In April, I had a thirty-minute meeting with Prof David Haslam, the Chairman of NICE who has asked to be kept up to date with the work of the society, and this wasn’t the only time I would be involved with NICE. In November, I attended an Information Day which was attended by all the major charities in the UK and I was able to network and gain some valuable information. In early December, following a conversation with two of the officers of NICE, I received an email asking me to let them have dates when I would be able to attend another meeting with the intention of them updating their guidelines on the diagnosis and treatment of Pernicious Anaemia. I’m still waiting to hear back from them as I write this review. Again, it’s knocking on the right doors, and being listened to as a credible representative of a special group of patients that has all the promise of bringing about change.

The Website

In June, our new, user-friendly website went live. This was the culmination of around two months of writing and re-writing, testing, re-designing and testing some more. And since the new website went live we have received an enormous increase in traffic to the site and in the number of members joining the society. This increase is undoubtedly due to the new three categories of membership that we’ve introduced. And, yes, it is possible to upgrade to the new Gold category of membership at any time…..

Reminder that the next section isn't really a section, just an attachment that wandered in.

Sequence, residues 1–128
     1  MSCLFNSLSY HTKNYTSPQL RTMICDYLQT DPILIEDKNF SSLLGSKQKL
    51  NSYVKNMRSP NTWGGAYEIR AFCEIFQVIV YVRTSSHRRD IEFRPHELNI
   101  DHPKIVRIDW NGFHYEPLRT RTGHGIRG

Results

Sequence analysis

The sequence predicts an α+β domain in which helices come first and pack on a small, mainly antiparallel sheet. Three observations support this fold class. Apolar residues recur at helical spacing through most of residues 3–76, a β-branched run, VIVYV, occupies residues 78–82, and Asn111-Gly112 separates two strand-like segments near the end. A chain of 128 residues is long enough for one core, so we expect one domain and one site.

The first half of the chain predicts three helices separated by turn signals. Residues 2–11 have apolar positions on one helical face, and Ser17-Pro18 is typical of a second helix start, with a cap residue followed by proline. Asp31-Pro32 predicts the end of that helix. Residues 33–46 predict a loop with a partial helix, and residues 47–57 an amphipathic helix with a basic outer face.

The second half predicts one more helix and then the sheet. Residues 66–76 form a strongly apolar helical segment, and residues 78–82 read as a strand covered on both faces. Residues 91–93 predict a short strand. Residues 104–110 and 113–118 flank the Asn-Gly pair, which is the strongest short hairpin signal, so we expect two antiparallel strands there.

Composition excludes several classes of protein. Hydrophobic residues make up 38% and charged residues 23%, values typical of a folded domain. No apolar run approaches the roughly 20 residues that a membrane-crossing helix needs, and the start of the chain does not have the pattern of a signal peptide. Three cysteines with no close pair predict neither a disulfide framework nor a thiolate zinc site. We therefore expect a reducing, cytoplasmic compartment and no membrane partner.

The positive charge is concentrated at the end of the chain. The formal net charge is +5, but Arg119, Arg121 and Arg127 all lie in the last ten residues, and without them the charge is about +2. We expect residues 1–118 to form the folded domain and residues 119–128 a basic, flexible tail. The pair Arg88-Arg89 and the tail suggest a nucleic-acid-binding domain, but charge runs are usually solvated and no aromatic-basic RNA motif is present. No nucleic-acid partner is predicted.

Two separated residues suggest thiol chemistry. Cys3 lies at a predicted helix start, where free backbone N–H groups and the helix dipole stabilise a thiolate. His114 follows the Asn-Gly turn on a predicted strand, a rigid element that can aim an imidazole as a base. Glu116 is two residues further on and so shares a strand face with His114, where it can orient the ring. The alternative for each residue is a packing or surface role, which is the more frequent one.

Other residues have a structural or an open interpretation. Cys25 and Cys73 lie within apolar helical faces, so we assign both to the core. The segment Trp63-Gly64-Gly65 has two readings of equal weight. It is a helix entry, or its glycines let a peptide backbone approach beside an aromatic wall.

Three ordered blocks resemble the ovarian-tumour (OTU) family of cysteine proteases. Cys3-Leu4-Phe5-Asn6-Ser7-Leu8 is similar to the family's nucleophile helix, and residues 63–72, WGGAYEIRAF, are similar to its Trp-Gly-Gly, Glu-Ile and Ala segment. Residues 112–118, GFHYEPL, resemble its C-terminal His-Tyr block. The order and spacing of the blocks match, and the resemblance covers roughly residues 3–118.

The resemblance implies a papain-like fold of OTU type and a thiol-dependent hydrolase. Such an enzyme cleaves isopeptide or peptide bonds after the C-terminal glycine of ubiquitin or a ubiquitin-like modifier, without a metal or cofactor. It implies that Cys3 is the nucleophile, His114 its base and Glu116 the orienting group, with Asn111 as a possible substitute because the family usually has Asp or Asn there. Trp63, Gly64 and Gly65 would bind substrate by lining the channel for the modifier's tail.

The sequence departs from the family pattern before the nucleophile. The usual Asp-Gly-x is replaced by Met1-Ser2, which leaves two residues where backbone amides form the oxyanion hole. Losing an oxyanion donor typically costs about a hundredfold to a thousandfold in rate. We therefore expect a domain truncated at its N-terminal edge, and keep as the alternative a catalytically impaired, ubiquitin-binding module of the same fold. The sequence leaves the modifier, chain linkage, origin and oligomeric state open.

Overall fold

I passed my Grade 3 Saxophone exam in July – Wahey!

In between these milestones I have been quietly working away in raising awareness of our problems. I’ve met with the manufacturers of one of the three main Assay hardware used to detect Active B12 with the intention to raise awareness among health professionals of the health and economic benefits of introducing the Active B12 test into laboratories; I’ve met with three potential research teams; have met with current researchers to provide them with further information; written letters of support for members involved in employment tribunals or having other employment issues; met with teachers and lecturers to explain how the symptoms of PA don’t magically disappear once treatment has begun; answered an average of five telephone calls per day; tried my best to keep my blogs updated and somehow turned my attention to the main objective of this year, 2017.


Oh! And I was made a Member of the most excellent Order of the British Empire for my work for people with Pernicious Anaemia. And that means I get to go to Buckingham Palace again sometime soon.


Now, I bet you’re wondering what the main objective is for this year aren’t you? Well, I can tell you – it’s a whole new documentary about the problems with the diagnosis and treatment of Pernicious Anaemia that I’m about to start writing; and that will take priority over the writing of the second edition of my second book – Living with Pernicious Anaemia – which I hope will be published in the autumn around the same time as the documentary becomes available.

Finally, I will take this opportunity to thank you for your continued support and to wish you and your families a happy and prosperous new year.